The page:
The Curzon Project at MeCCSA 2011

[This blog post is syndicated from the Curzon Project blog, with thanks to Charlotte Crofts!]

Presenting work in progress is always a baptism by fire. Having been forced to articulate what it is I’m trying to do to the very diverse audience of the recent MeCCSA 2011 Annual conference (Media, Communications and Cultural Studies Association), I have both made myself very ill with man flu (by staying up late exporting audio clips from Final Cut Pro into my Powerpoint presentation only to find there were no adequate speakers in the venue) and had a bit of an epiphany.

Not quite sure if I know what it means yet, or if I can express it, but something to do with the problematics of wanting to explore a communal medium through a potentially solitary one.

One of the attendees pointed me towards the work of Janet Cardiff and George Bures Miller, whose installation The Paradise Institute focuses on the language and experience of cinema:

This is an installation in the form of the miniature interior of a cinema auditorium, made with the use of “hyper-perspective” – the viewer watches a film and listens to the soundtrack on headphones, creating a dual cinematic experience, that of the “visual” film and that of the soundtrack, which is designed to puncture the isolated experience of watching the film with what they term “the ‘aural action’ of the supposed audience” – a cellphone ringtone, a womans voice in your ear, recorded with a “binaural” technique:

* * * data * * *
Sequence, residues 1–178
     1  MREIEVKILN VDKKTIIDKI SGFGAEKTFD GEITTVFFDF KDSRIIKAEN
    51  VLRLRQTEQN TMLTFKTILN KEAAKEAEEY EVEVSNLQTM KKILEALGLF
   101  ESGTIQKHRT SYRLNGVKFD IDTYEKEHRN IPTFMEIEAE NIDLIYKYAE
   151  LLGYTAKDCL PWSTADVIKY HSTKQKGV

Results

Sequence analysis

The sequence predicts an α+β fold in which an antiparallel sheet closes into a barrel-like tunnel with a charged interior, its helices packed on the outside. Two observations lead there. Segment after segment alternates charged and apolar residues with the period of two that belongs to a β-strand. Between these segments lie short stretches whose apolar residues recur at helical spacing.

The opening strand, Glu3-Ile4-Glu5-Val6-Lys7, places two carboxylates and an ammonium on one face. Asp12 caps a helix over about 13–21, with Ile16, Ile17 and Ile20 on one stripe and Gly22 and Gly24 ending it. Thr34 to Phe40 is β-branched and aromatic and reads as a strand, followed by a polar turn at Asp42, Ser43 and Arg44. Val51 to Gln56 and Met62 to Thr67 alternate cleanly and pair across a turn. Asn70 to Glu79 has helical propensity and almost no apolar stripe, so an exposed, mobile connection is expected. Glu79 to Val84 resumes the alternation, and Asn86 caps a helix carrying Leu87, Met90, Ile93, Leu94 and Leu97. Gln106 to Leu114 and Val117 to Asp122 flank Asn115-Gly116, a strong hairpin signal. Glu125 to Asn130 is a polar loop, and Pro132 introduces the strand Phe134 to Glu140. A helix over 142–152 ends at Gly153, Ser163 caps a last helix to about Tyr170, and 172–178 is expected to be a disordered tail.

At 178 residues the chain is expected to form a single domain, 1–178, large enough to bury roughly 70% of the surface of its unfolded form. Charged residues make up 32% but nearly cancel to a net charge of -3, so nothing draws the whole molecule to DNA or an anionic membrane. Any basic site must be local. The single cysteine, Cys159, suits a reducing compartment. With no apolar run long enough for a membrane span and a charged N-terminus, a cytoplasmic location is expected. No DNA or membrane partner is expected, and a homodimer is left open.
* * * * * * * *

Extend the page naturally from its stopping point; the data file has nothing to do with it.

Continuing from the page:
Cardiff also works with audio and video “walks” such as Ghost Machine – a video walk of the Hebbel Theatre, Berlin which explores the hidden passageways to which audience members would not normally have access. Cardiff uses the same binaural audio recording technique for her walks “with multi-layers of sound effects, music, and voices (sometimes as many as 18 tracks) added to the main walking track to create a 3D sphere of sound”.

I’m also intrigued by Tacita Dean’s work which traces the material ontology of film, as well as the labour of production, in pieces such as Foley Artist (1996):

and Kodak (2006):

This will be particularly relevent to the interior phase of my project in which I’m looking at projectors and the apparatus of cinema through these new technologies.

Hopefully I will be able to figure out the precise nature of my epiphany and elaborate on it here, shortly. In the meantime, thirty Sequence Analyses are beckoning…

, , , , , , , , ,

No comments yet.

Leave a Reply